Agency Costs and Enforcement of Management Controls: Analyzing Punishments for Perpetrators of Economic Crimes

56 Pages Posted: 30 Jun 2016 Last revised: 12 May 2018

See all articles by Paul M. Healy

Paul M. Healy

Harvard Business School; National Bureau of Economic Research (NBER)

George Serafeim

Harvard University - Harvard Business School

Date Written: March 20, 2018

Abstract

We examine the severity of punishments for employees who perpetrate economic crimes to understand how aggressively organizations enforce compliance with management control systems. Our dataset comprises 608 organizations around the world that identified they experienced economic crime. We find wide variation in rates of dismissal and legal action against the primary perpetrators. Further, punishment rates are lower for senior management than for middle managers and junior staff. We document that the negative relation between seniority and punishment severity holds only for senior male perpetrators; senior female perpetrators receive harsher punishments than senior males. These findings are more pronounced in organizations that operate in countries with more gender inequality, have less frequent updates to internal control, do not report the crime to regulators, and do not disclose their identity in the survey. We interpret these findings as evidence of agency costs by punishment decision-makers in setting more lenient punishments for senior perpetrators from their own male social networks.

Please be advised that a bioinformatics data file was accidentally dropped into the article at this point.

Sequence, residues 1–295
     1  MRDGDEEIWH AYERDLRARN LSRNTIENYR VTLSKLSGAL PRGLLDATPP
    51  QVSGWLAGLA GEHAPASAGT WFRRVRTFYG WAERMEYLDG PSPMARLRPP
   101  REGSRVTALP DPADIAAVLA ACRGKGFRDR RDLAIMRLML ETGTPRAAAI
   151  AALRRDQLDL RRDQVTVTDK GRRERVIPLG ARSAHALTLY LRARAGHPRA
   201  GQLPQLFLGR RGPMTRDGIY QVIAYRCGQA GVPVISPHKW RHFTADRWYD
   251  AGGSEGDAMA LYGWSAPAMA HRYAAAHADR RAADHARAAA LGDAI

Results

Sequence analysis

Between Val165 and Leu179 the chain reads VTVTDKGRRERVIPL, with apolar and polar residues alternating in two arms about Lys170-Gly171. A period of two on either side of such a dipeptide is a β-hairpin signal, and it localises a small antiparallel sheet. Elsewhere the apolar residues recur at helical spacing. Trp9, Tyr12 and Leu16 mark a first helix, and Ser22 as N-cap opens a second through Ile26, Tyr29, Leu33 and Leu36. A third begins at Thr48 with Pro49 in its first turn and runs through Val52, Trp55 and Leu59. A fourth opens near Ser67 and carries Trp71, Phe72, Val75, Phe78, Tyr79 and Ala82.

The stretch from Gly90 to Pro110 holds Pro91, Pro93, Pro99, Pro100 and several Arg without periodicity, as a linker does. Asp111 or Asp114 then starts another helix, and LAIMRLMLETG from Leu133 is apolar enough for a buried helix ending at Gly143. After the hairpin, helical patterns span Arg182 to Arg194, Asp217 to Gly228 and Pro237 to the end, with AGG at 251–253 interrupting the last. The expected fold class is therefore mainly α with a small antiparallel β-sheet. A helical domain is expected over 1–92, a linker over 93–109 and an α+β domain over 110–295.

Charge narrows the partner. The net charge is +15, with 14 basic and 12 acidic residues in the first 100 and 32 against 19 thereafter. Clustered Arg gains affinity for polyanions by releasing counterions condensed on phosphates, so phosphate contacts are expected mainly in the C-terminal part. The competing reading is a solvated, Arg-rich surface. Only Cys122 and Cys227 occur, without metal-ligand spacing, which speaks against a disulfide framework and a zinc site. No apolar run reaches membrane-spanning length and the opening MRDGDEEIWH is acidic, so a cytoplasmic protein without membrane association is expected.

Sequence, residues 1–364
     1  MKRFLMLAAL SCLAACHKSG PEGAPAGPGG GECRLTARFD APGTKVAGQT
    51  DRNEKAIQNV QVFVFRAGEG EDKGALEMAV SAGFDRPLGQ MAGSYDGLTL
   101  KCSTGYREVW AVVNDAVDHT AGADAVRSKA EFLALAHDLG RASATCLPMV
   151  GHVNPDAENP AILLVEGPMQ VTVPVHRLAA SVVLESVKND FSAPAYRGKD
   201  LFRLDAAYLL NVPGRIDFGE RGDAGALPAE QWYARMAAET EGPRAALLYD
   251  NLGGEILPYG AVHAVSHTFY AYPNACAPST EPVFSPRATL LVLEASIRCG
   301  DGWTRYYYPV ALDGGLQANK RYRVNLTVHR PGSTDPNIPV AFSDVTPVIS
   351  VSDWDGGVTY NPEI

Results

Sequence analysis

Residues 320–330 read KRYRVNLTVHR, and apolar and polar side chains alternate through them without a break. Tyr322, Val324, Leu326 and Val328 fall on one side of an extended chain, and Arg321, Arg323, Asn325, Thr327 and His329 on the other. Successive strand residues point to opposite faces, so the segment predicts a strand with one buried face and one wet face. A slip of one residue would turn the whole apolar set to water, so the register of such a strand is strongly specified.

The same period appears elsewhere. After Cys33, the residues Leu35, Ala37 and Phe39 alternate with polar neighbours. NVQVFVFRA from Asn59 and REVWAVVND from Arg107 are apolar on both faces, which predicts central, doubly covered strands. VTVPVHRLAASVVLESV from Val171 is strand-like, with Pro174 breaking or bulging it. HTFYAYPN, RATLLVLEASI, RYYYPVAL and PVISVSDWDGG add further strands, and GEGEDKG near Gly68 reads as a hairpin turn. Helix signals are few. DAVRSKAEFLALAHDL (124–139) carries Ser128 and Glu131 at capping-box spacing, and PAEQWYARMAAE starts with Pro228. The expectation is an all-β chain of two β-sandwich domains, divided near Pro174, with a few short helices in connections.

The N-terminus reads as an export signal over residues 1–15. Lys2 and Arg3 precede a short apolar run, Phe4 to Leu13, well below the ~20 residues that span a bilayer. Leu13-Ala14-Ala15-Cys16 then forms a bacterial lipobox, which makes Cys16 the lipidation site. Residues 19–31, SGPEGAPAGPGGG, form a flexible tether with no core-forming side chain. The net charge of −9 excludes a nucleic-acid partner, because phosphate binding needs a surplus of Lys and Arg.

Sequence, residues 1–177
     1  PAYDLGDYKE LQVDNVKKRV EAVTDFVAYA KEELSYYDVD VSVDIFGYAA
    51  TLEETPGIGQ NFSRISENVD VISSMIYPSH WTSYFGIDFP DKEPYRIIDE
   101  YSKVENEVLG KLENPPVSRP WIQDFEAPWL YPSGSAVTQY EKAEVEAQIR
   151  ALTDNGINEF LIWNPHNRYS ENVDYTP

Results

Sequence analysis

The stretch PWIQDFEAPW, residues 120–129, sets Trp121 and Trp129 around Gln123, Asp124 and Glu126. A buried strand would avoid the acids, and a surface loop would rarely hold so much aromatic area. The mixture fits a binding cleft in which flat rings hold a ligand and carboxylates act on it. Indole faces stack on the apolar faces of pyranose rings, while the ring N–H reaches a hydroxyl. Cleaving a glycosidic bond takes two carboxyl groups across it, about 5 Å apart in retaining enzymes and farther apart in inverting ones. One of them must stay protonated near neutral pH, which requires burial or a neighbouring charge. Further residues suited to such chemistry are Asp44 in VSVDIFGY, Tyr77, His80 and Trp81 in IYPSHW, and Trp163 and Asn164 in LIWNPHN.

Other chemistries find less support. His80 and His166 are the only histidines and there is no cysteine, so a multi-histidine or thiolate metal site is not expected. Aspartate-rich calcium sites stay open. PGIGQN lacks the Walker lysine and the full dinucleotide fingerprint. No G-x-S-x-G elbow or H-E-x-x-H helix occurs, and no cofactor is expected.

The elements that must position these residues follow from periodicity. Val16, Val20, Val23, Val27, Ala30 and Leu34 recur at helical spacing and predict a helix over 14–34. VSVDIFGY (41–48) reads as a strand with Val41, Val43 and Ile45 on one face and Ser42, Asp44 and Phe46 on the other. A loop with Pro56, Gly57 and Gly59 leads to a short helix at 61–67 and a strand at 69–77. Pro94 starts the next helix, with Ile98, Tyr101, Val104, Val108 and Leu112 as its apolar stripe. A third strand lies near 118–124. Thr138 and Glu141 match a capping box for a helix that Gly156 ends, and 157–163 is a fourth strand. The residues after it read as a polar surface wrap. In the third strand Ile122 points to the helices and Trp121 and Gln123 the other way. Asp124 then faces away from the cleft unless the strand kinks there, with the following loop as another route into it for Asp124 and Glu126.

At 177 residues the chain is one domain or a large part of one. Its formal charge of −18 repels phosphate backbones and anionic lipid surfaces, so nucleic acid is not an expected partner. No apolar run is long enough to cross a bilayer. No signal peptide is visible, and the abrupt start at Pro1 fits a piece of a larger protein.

Keywords: economic crime, gender, fraud, penalties, corruption, social networks, agency costs

JEL Classification: K41, K42, G34, M41, M51, J16

Suggested Citation

Healy, Paul M. and Serafeim, George, Agency Costs and Enforcement of Management Controls: Analyzing Punishments for Perpetrators of Economic Crimes (March 20, 2018). AAA 2017 Management Accounting Section (MAS) Meeting. Available at SSRN: https://ssrn.com/abstract=2801622 or http://dx.doi.org/10.2139/ssrn.2801622

Paul M. Healy

Harvard Business School ( email )

Soldiers Field
Boston, MA 02163
United States
617-495-1283 (Phone)
617-496-7387 (Fax)

National Bureau of Economic Research (NBER)

1050 Massachusetts Avenue
Cambridge, MA 02138
United States

George Serafeim (Contact Author)

Harvard University - Harvard Business School ( email )

381 Morgan Hall
Boston, MA 02163
United States

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